Celebrating Indigenous History Month

Indigenous communities have been coming together to get active, compete and enjoy the benefits of physical activity since long before Canada was a country. During this year’s Indigenous History Month, there are many reasons to celebrate the traditions that have been passed down from generation to generation and the resiliency of the Indigenous people.

One Indigenous athlete with plenty of reasons to celebrate is Len Morris Jr. of the Geronimo Canoe Club, who has raced war canoes all over the globe and recently represented Canada at the international level by racing outrigger canoes in Tahiti and Australia. Hailing from the Tsartlip First Nation, he comes from a long, unbroken line of Indigenous paddlers.

“We’re very family-based. My grandparents Ivan and Madeline started the canoe club in 1974 and it was all family-run. My dad, my uncles and aunties, they don’t paddle too much anymore but they all were involved and they handed it down to me, my brothers and cousins, and now our kids are into it,” Morris Jr. told Sport for Life. 

“When my grandparents ran the club they funded it out of their

 own pocket. We raced all over lower Vancouver Island, out to Chilliwack and down into Washington State. They covered the ferry, the hauling, the gas. My grandmother would cook and nourish the family before, during and after the race, so it was pretty good to have that.”

Now that his grandparents have passed on, the responsibility for training the next generation of paddlers is with Morris Jr., his brothers and his cousins.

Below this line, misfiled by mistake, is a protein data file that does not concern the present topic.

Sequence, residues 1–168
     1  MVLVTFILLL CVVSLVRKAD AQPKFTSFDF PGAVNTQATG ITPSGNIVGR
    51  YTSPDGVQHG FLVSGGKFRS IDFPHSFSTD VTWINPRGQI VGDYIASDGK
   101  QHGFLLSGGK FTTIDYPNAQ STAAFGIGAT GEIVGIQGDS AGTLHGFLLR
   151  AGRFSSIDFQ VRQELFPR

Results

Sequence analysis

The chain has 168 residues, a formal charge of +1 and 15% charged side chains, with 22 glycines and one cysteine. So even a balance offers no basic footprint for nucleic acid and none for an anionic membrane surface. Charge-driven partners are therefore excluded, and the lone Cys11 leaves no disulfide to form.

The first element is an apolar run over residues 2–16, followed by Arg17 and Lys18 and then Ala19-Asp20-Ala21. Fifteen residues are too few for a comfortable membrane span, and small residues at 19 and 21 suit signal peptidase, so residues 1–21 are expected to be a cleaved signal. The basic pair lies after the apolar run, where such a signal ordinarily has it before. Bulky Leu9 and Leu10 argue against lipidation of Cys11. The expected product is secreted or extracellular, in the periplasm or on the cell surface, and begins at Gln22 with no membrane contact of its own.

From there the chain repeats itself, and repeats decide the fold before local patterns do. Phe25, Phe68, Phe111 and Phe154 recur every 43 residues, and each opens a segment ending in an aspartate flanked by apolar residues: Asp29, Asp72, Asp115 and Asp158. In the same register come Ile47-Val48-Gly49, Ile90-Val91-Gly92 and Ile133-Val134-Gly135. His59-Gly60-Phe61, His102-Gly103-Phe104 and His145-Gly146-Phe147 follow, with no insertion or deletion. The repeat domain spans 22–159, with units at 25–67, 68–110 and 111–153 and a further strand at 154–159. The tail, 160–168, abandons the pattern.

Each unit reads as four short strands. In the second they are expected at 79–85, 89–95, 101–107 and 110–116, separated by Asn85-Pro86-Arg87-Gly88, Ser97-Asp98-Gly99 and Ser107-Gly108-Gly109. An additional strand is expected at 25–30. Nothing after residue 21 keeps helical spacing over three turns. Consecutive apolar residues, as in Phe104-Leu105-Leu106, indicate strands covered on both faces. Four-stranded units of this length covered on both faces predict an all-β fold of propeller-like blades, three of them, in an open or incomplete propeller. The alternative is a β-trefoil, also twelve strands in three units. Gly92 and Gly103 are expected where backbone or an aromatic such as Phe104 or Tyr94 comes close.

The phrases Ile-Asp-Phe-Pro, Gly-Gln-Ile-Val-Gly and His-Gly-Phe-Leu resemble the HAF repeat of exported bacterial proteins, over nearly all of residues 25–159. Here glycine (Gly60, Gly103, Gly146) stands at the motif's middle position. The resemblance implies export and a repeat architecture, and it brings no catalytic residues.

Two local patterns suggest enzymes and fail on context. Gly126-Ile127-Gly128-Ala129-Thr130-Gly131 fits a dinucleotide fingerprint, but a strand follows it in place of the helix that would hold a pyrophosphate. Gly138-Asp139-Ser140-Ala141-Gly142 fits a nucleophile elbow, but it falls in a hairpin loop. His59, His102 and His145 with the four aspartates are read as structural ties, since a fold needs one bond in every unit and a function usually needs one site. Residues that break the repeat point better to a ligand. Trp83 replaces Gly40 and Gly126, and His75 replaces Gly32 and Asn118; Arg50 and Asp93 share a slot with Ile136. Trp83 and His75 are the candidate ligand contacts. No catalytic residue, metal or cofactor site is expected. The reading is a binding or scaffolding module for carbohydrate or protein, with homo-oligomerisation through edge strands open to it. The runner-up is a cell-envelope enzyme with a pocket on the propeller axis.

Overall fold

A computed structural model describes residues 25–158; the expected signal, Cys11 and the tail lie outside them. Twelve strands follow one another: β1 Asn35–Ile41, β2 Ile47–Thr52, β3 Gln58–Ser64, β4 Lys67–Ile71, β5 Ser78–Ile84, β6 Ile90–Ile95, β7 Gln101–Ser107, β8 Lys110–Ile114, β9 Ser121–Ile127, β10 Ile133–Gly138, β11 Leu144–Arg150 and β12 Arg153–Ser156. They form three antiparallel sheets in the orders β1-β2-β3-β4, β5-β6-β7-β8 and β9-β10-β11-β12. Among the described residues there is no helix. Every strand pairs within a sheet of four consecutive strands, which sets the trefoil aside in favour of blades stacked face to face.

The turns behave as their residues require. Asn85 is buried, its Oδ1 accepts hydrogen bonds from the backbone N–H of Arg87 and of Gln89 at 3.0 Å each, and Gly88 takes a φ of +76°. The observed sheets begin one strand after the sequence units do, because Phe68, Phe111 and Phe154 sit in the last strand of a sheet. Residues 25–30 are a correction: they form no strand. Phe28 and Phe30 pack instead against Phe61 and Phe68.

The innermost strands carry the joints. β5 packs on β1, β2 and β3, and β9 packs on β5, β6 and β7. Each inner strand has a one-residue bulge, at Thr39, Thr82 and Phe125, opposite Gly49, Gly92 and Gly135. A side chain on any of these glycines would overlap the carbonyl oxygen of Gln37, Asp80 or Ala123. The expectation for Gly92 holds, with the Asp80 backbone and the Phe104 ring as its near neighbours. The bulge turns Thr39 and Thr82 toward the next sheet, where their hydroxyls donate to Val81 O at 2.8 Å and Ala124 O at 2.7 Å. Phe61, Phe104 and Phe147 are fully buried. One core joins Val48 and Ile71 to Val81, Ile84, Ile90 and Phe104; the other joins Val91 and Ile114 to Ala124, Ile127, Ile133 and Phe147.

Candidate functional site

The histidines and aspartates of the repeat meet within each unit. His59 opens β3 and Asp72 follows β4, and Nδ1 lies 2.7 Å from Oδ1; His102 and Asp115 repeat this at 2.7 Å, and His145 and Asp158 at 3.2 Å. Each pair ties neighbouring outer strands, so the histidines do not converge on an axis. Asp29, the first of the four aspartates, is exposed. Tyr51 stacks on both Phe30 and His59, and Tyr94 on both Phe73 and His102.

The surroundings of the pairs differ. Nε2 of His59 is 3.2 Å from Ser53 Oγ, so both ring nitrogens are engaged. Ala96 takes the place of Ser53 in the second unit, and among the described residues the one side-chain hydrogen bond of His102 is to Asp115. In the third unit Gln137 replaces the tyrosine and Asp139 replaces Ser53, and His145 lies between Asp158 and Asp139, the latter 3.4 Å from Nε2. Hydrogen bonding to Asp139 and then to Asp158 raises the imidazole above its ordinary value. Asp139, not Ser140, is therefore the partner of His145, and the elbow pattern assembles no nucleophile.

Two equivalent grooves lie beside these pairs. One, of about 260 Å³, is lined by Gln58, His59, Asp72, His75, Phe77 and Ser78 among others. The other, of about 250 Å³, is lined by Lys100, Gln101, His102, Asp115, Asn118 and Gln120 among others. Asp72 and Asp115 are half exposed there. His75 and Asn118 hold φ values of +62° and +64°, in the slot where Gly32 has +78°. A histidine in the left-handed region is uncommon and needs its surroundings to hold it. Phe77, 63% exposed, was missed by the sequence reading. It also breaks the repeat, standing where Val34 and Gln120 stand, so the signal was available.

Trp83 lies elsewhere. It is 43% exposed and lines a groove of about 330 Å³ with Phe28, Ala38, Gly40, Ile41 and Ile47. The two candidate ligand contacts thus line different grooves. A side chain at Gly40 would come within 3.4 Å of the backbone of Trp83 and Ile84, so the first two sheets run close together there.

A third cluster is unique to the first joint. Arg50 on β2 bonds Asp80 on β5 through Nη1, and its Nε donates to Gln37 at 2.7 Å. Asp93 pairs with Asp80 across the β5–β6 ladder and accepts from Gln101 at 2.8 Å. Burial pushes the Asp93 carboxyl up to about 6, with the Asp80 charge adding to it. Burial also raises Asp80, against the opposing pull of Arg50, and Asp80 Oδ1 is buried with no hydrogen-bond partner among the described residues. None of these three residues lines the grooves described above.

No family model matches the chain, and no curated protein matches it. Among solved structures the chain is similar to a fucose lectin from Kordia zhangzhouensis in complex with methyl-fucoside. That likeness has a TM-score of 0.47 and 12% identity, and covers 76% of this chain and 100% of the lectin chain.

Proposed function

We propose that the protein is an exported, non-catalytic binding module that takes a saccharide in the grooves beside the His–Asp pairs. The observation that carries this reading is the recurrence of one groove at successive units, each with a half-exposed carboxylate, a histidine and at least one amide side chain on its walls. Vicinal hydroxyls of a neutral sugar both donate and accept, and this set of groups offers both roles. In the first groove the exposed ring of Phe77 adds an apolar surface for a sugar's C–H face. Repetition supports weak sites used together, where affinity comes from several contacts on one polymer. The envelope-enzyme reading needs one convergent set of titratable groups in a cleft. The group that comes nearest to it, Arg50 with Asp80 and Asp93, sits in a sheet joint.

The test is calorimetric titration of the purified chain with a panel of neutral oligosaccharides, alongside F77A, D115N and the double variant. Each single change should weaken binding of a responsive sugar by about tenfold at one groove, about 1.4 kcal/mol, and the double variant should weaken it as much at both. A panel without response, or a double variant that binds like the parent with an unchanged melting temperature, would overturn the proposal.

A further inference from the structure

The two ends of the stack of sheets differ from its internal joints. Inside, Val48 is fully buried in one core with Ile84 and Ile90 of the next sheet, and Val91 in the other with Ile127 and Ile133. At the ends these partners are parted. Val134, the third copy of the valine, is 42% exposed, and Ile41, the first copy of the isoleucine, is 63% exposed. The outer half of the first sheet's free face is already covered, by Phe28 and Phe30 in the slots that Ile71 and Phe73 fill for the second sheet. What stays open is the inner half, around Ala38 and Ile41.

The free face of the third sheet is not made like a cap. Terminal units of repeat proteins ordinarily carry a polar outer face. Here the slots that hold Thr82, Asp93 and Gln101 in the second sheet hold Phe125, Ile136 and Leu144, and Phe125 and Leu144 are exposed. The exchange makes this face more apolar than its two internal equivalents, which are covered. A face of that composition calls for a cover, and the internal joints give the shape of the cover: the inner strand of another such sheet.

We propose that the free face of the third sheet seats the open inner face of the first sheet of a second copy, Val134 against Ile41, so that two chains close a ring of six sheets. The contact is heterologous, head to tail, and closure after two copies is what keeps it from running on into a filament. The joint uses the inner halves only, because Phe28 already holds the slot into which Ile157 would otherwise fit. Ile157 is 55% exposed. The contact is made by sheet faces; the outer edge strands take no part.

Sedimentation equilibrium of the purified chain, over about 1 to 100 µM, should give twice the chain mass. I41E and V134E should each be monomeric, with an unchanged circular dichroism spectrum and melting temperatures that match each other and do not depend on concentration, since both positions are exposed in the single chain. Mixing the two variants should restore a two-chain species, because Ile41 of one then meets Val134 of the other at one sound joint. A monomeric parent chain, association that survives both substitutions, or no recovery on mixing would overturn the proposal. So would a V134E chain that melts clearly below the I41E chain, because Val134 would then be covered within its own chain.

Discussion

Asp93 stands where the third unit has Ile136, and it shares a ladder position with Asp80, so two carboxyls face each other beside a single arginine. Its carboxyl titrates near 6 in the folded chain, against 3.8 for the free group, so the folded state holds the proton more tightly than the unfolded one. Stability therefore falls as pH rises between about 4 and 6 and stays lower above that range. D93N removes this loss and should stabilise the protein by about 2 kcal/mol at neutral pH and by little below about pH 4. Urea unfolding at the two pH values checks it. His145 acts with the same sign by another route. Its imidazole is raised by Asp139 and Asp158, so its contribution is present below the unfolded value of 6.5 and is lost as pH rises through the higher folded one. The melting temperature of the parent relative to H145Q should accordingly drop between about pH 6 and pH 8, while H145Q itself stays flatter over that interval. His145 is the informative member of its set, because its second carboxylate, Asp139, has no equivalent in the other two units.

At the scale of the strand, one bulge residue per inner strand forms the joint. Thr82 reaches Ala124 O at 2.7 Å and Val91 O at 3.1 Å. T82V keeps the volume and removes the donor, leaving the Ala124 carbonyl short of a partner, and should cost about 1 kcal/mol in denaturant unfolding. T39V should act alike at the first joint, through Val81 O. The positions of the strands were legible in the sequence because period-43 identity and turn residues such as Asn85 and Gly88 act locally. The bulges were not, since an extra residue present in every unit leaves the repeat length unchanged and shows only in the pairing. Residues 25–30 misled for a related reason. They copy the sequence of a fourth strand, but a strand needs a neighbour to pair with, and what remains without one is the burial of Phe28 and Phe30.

“We have lots of younger kids getting involved, and they should because when I grew up I was down there at three, four, five-years-old learning how to paddle. It’s awesome to see them learning what I did, my cousin’s kids and everyone else, keeping the traditions alive. Training the next generation is up to me, my brothers and cousins. We let them have fun at the beginning but then when they get older we teach them about respecting the canoe and the proper way to be training. We hand down what we were taught.”

Morris Jr. relishes the competitive aspect of the sport as well, and is proud of the accomplishments his team has made over the past few years.

“It’s pretty cool to go to the races and get to visit together. You may be good friends on the beach but when it comes time to race you’re not friends out there. With war canoe races it gets pretty intense out there, especially with the big canoes. It’s about pride,” he said. 

“We’ve also transitioned to outrigger Polynesian-style canoes, and we’ve done quite well in the last 10 years or so. We won Canadian nationals five times, and we’ve gotten the chance to represent Canada twice. The first time was the world championships in Tahiti, then we went to Australia in 2019. My son got to do it as well, he participated in the U-19 category for solo canoes and I did the solo as well as the six-man team,” he said.

“It was definitely a big change. It was really eye-opening to see. We do really well in our war canoe circuit but the international level is a whole other ball game, a whole other level.”

Celebrating Indigenous achievements